China is officially ending its one-child policy, and will alow all married couples to have two children.
The move, an attempt to counteract the graying demographics of the country, was laid out today (Oct. 29) in an official communiqué, or summary, of a meeting of the Communist Party Leaders, released by the Xinhua News Agency. The party officials came to their decision after a four-day meeting to flesh out the five-year-development plans for the country. [10 Scientific Tips for Raising Happy Kids]
"Improve the demographic development strategy," the communiqué read. "Comprehensively implement a policy that couples can have two children, actively taking steps to counter the aging of the population."
The move comes as a response not only to a rapidly aging population, but also to an economy facing a labor shortage and slow growth.
China's one-child policy was first implemented in 1980, and was often enforced through coercive practices, such as forced sterilization and abortion, according to news reports. In addition, the cultural preference for boys has led to the selective abortion of female fetuses. The policy is one reason that China has one of the most imbalanced sex ratios in the world, with 112 boys born for every 100 girls, according to the World Bank.
Not only did it sway sex ratios, the policy may have had psychological implications. A small study of 421 people born in Beijing revealed that compared with kids born before the policy went into effect, those born after were more averse to risk, less trusting and more pessimistic. That finding, detailed in the Jan. 10, 2013, issue of the journal Science, seemed to support stereotypes of China's "little emperors" growing up coddled and unsocialized.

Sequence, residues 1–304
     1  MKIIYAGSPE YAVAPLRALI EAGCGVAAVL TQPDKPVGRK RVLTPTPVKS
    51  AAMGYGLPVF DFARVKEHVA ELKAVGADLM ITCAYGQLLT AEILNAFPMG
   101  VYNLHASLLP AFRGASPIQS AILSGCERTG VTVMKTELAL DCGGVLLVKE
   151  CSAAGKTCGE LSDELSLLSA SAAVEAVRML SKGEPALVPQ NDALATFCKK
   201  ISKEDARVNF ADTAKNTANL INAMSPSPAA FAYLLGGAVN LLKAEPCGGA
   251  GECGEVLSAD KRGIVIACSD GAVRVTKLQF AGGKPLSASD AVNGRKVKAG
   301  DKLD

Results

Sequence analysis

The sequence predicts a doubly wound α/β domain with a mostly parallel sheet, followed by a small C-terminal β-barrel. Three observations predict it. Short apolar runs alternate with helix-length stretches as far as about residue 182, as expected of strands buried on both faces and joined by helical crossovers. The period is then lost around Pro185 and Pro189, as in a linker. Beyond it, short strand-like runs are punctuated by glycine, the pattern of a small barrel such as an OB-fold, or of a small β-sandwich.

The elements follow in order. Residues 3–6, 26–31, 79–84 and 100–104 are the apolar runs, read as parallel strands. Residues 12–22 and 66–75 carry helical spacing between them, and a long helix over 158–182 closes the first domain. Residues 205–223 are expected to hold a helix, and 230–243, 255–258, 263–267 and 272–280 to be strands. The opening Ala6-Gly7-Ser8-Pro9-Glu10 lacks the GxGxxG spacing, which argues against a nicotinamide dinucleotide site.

In recent years, China had relaxed its one-child policy. In 2013, the country said that people who were only-children could themselves have two children. And in 2007, China allowed families to have two children if their first child was a girl. Some populations, such as Tibetans, have no limit on the number of children they can have. Even before this announcement, the majority of Chinese people of childbearing age were already allowed more than one child.
Pressures of parenthood
Despite the move, it's not clear that China will experience a major baby boom. The last announcement failed to produce a huge uptick in the birthrate. The cutthroat competition and high costs to raise children dissuade many people from having children in China, Mu Guangzong, a professor of demography at Peking University, told the New York Times.
"I don't think a lot of parents would act on it because the economic pressure of raising children is very high in China," Guangzong said. "The birthrate in China is low and its population is aging quickly, so from the policy point of view, it's a good thing as it will help combat a shortage of labor force in the future. But many parents simply don't have the economic conditions to raise more children."
A 2008 Pew Research Center survey found that roughly three in four Chinese supported the one-child policy. Even if people do start having more children, it will take decades for the new babies to grow up, join the labor force and help care for the elderly.
Live Science newsletter
Stay up to date on the latest science news by signing up for our Essentials newsletter.
Tia is the managing editor and was previously a senior writer for Live Science. Her work has appeared in Scientific American, Wired.com and other outlets. She holds a master's degree in bioengineering from the University of Washington, a graduate certificate in science writing from UC Santa Cruz and a bachelor's degree in mechanical engineering from the University of Texas at Austin. Tia was part of a team at the Milwaukee Journal Sentinel that published the Empty Cradles series on preterm births, which won multiple awards, including the 2012 Casey Medal for Meritorious Journalism.